So, what is the hold-up? In the Senate there has been a desire by some to tie the R&D relief to an extension of the Covid-relief child tax credit. The proposal to pair the two tax provisions has not been greeted with hosannas by many. My sense is that leadership in the Senate recognizes that – and that a more doable pairing would be, for example, R&D amortization fix with expansions/improvements in tax policy for housing and LIHTC. The more that these enormous quarterly tax bills are coming in for small and medium businesses – policy makers are going to feel pressed to be responsive.
When the fix does finally come in – at this point – I still anticipate it will be seamless going back to the beginning of the year.
Banks Tighten Purse Strings – Tax Credits (Including R&D) A Key Source of Dollars
Just as many small and medium businesses are being hit by the tax bill for amortization – – they are also facing the reality of banks shutting their purses. As the Wall Street Journal recently reported — lending has slowed and tightened, quoting the Philadelphia Fed report that some banks “focused on lending to existing customers and became more prudent in lending to new customers.”
There is an alternative. We’ve found in practice that the R&D tax credit is especially important for many small and medium businesses because the credit serves essentially as a means of financing growth and expansion of these businesses that qualify. Recall – even though there is now amortization – the R&D tax credit is still available both at the federal level and most states have a state R&D tax credit as well.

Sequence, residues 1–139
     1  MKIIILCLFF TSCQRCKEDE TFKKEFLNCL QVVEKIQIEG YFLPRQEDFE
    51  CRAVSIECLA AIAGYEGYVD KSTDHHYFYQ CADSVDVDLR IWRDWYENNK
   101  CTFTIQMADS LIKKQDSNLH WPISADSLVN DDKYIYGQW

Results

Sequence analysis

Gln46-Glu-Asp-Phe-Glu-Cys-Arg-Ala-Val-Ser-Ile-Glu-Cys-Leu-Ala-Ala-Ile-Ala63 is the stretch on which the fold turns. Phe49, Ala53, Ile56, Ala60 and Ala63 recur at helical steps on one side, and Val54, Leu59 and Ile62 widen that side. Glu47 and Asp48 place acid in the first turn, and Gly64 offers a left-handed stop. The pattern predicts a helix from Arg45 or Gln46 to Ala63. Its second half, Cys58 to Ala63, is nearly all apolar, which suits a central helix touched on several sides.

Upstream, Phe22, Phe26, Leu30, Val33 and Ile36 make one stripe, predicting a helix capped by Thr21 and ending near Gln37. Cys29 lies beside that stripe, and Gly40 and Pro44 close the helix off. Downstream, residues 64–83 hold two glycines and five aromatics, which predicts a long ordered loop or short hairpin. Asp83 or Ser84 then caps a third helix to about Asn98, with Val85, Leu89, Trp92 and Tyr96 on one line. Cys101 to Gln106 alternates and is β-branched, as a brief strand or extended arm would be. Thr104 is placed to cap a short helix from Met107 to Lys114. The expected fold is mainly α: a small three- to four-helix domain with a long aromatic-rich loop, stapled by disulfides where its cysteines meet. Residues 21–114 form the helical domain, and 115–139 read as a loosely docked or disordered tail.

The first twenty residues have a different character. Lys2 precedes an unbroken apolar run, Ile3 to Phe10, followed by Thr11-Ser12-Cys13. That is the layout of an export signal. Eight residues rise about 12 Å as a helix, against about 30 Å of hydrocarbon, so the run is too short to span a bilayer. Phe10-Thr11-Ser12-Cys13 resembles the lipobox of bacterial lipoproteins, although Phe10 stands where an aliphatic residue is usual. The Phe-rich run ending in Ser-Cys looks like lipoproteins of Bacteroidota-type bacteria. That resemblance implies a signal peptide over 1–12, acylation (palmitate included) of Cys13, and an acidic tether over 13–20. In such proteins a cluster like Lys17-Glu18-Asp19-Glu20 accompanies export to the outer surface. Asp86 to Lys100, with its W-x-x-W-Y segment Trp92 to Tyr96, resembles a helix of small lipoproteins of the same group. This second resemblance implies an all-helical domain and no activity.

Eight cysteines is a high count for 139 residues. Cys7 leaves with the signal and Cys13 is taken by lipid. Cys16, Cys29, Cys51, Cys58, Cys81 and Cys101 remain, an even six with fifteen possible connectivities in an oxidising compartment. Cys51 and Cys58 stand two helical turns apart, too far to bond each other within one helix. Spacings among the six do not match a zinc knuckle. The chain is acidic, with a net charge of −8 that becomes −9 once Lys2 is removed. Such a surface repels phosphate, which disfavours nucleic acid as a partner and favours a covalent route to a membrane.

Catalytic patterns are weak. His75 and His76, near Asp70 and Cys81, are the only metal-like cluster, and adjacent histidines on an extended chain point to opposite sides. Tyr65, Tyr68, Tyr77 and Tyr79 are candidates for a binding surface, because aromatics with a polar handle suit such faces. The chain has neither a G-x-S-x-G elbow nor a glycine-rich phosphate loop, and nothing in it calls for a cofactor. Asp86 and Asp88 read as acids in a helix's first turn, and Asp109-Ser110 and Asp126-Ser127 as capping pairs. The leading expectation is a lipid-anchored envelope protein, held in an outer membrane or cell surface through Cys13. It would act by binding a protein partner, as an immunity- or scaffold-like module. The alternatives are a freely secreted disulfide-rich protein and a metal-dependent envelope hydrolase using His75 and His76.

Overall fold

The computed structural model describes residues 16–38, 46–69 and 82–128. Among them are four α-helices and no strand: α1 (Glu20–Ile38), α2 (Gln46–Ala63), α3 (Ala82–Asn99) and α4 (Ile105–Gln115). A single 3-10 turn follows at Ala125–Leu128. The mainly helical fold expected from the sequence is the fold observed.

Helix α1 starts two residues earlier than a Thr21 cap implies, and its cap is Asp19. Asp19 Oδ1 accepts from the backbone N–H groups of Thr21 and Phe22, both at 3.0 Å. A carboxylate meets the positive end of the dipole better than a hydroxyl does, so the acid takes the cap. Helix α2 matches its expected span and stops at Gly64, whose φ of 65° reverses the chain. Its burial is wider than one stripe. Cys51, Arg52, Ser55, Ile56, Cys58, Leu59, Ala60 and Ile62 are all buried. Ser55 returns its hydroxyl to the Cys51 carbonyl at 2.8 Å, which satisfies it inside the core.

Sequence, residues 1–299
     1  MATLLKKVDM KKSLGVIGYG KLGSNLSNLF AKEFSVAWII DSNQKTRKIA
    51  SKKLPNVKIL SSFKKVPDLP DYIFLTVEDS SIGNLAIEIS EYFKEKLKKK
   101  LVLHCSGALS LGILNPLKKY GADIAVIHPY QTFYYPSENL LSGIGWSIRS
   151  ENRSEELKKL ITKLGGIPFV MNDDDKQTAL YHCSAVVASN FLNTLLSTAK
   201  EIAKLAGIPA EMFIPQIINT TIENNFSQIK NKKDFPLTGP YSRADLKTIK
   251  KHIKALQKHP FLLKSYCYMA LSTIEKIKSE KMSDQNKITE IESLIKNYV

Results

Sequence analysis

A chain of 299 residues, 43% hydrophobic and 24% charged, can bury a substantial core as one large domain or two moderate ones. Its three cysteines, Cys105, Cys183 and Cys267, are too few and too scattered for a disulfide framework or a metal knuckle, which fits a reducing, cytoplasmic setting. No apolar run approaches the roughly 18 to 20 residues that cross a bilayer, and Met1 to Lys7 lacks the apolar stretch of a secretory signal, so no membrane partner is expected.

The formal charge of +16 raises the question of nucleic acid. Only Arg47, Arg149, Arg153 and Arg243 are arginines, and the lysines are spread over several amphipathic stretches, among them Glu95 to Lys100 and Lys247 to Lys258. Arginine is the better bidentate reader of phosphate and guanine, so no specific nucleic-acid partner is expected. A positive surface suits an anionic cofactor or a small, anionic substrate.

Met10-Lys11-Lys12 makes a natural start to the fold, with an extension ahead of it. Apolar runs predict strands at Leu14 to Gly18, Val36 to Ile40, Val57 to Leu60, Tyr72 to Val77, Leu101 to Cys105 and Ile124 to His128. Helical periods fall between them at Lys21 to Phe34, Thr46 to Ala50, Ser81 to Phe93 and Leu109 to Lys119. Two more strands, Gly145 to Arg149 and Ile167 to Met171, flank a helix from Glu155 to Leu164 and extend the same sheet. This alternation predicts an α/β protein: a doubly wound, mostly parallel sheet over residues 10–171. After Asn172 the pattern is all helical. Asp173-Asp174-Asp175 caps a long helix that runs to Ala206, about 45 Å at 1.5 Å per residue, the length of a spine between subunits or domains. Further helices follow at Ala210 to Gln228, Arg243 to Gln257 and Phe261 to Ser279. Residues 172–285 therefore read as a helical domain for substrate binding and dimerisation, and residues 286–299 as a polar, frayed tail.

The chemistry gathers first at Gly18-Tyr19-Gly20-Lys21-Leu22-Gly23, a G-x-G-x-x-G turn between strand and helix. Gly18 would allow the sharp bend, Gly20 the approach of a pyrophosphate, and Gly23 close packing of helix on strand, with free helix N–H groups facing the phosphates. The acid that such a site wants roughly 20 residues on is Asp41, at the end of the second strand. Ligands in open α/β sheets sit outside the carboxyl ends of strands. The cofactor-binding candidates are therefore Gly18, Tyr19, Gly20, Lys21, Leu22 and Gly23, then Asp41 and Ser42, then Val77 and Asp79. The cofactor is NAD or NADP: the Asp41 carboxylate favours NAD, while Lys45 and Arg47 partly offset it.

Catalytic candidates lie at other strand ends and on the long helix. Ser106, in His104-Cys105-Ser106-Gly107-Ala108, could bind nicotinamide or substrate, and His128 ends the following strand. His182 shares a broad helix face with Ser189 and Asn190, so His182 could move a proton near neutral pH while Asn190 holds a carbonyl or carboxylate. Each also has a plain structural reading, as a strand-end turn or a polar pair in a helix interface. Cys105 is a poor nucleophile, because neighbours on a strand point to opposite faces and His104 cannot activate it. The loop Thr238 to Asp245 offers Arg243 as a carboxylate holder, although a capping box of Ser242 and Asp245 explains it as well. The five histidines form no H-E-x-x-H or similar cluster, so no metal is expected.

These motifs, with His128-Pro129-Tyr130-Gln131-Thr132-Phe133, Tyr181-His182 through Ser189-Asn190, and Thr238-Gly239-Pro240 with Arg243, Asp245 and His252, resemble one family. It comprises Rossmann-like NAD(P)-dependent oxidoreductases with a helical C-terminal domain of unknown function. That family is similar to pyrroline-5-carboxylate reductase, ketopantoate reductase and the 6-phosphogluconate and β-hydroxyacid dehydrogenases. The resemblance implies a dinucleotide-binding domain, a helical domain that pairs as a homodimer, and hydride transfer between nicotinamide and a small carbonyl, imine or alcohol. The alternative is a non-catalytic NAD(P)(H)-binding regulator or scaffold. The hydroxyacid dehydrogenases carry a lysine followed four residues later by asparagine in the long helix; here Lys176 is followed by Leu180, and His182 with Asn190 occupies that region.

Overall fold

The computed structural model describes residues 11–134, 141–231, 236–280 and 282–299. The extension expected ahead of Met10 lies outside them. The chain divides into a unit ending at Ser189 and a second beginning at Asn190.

However, at the same time banks have been tightening their purse strings with rising interest rates and events like the Silicon Valley Bank failure, the IRS has heightened the requirements to claim the R&D tax credit – particularly for amended returns. In short, determining whether your company can qualify for the R&D tax credit takes informed and knowledgeable navigation of the tax code, regulations and IRS guidance (many companies do not qualify for a number of different reasons). Even if your company is a good candidate possibly for the R&D tax credit – then making certain that you’ve presented your claim for the credit to the IRS correctly (checking all the right boxes) is its own joy.
The benefits of the tax credits (such as the R&D) are significant and valuable and can provide meaningful relief as small and medium companies search for financing and improved cash flow – but business owners and their CPA partners need to be eyes open.
About the Author
Dean Zerbe is alliantgroup’s National Managing Director based in the firm’s Washington D.C. office. Prior to joining alliantgroup, Mr. Zerbe was Senior Counsel and Tax Counsel to the U.S. Senate Committee on Finance. He worked closely with then-Chairman and current Ranking Member of the Finance Committee, Senator Charles Grassley (R-IA), on tax legislation. During his tenure on the Finance Committee, Mr. Zerbe was intimately involved with nearly every major piece of tax legislation that was signed into law – including the 2001 and 2003 tax reconciliation bills, the JOBS bill in 2004 (corporate tax reform), and the Pension Protection Act. Mr. Zerbe is a frequent speaker and author on the outlook for short-term and long-term changes in tax policy, as well as ways accounting firms can help their clients lower their tax bill.